UK Prime Minister Theresa May’s call for a general election on June 8 is a very important coup for the Brexit process. It assumes these elections will allow her to bring together a lot of favourable intent, when the opposition is trying to find itself. With her majority reinforced, she will be in a stronger position to negotiate the Brexit deal.
Articles by Miguel Navascués
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The markets are beginning to reflect the “doubly” nerve-wracking effect of the fact that there are two electoral risks in France. It’s not only Marine Le Pen now; Jean-Luc Mélenchon is unexpectedly gaining ground.
The US stock market represents 54% of the MSCI world markets’ index and 60% of the MSCI for developed countries, according to The Economist. It’s another indicator to add to those we have mentioned before which point to the US market being overvalued.
Capitalism – or in fact any economy, if an alternative exists – should grow constantly, although not necessarily in quantity. It’s not so much about making a larger amount of exactly the same products and services, but about innovating and producing new goods and services at a lower cost.
How solid a banking system is is such a cloudy issue that it’s difficult to make a valuation without doubts or ambiguities. For example, in Italy it’s vox populi that the banking sector is very weak, but what about in Spain?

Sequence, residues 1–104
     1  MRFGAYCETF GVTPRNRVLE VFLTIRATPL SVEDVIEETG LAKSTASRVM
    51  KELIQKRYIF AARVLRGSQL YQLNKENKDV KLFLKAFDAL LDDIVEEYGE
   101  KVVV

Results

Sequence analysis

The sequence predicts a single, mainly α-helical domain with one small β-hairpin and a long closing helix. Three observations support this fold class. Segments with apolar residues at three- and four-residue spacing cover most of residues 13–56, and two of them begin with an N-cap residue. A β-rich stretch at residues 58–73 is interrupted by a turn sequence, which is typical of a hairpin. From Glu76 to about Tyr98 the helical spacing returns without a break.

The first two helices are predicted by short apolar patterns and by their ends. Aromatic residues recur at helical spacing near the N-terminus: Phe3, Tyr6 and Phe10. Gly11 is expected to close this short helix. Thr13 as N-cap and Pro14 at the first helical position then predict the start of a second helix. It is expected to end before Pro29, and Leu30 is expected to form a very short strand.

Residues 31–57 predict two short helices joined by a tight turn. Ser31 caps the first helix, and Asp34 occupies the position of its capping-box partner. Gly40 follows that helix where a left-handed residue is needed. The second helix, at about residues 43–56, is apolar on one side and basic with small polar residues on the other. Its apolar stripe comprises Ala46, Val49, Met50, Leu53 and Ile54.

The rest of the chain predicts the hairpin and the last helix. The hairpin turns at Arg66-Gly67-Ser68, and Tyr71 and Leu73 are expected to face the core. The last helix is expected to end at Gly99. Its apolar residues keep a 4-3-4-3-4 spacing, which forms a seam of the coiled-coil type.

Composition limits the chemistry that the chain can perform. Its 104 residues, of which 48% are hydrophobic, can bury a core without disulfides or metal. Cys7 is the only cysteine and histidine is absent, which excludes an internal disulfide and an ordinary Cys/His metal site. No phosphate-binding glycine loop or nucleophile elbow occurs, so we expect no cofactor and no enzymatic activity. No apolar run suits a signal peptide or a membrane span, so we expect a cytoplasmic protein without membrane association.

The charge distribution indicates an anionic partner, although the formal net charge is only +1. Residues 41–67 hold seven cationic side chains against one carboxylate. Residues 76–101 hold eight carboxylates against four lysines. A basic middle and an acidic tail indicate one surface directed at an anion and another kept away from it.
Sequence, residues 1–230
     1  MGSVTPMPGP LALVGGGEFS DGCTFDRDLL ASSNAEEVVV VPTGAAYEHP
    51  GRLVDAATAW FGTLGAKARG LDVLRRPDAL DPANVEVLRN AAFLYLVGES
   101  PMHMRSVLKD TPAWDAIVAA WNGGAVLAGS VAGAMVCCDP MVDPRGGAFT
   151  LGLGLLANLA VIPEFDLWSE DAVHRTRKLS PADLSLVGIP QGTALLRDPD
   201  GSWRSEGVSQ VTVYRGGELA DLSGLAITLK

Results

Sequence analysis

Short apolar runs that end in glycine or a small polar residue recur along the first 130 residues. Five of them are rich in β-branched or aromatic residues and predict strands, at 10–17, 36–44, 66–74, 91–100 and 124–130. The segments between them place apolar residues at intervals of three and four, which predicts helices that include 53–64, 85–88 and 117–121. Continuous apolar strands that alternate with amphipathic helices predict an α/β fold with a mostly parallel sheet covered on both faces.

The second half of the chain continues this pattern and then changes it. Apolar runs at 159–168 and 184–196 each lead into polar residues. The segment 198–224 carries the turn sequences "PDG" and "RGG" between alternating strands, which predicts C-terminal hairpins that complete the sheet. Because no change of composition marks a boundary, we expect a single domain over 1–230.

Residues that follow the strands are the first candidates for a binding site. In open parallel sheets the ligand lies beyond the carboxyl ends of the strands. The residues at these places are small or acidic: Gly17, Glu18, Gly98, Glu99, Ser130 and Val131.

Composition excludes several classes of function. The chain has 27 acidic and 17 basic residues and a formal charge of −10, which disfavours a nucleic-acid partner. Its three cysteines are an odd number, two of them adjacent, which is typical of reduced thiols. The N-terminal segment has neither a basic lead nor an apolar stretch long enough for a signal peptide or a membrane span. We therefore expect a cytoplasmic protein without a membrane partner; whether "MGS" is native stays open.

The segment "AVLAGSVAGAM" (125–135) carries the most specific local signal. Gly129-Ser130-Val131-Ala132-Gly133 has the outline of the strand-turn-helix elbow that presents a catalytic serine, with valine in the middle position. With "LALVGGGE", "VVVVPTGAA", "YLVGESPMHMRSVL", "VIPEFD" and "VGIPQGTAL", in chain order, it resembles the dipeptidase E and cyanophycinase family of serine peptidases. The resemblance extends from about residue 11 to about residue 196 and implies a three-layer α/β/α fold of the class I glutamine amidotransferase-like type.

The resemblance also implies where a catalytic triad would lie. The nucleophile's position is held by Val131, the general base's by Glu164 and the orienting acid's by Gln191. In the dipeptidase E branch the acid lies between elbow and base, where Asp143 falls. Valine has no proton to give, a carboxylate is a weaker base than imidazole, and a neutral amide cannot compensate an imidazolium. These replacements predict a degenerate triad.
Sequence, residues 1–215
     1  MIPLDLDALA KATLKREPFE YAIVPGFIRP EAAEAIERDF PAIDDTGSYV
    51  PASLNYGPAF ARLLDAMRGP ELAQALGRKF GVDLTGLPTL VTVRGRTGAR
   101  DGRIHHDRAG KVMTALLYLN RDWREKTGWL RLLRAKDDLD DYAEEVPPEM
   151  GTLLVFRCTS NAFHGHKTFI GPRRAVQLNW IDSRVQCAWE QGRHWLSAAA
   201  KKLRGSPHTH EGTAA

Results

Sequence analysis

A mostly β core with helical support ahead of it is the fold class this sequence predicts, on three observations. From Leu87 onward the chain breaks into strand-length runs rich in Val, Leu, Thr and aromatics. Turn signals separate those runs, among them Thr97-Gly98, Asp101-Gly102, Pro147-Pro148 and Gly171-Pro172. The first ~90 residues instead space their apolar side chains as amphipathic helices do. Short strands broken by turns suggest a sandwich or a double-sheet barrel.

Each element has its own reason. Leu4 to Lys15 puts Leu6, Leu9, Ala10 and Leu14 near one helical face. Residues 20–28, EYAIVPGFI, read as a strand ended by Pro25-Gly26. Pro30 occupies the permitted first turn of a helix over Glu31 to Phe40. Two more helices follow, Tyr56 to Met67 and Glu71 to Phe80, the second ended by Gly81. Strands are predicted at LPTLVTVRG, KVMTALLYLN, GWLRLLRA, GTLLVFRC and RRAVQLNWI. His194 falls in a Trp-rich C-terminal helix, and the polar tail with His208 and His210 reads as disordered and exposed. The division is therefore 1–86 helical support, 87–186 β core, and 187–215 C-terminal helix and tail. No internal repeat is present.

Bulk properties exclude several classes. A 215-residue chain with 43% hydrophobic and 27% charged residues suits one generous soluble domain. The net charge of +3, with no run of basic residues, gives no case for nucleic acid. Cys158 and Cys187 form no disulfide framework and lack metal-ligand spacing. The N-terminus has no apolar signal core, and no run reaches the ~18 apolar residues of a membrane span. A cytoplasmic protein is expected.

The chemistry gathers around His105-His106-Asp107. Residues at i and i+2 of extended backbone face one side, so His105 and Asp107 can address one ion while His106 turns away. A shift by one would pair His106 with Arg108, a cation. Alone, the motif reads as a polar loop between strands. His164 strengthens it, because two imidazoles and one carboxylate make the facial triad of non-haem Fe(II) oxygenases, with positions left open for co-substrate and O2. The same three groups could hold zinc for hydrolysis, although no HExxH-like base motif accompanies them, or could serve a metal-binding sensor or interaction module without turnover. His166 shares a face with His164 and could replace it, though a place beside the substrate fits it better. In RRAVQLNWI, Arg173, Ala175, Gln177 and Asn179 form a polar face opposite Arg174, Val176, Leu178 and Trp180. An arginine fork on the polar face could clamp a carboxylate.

In the US and other parts of the world a phenomenon has occurred which partly explains the differences in income: the different levels of success which different companies have. But it seems that companies were more uniform in the past. The salary differential happened within a company and could be translated into expectations of promotion or a better job like in the age of the “American dream”.
Recently there’s again been talk of a two-speed Europe. During the mini-summit two weeks ago, Merkel, Hollande, Italy, Rajoy, gave the green light to this latest spin. The Spanish PM has said the country would be at the nucleus of this.
There’s a new monetary theory doing the rounds here which claims to be revolutionary: the Modern Monetary Theory (MMT. Not to be confused with the Market Monetary Theory). I agree with some of its points. But when some of its supporters say the state deficit and debt are not important – that they don’t have damaging consequences – the theory becomes a huge deliberate fallacy.
I believe central banks don’t control long-term rates – which are decisive for investment – and that they can influence them in what we would call normal circumstances, namely when GDP is expanding and inflation is at its optimum level. The central bank trys to control the private market’s expectations, but it doesn’t always succeed.
Is gold really the best hedge against risk and should we go back to the gold standard? Gold has been stable for a century, but in the last 50 years it has appreciated a lot, seeing a lot of volatility.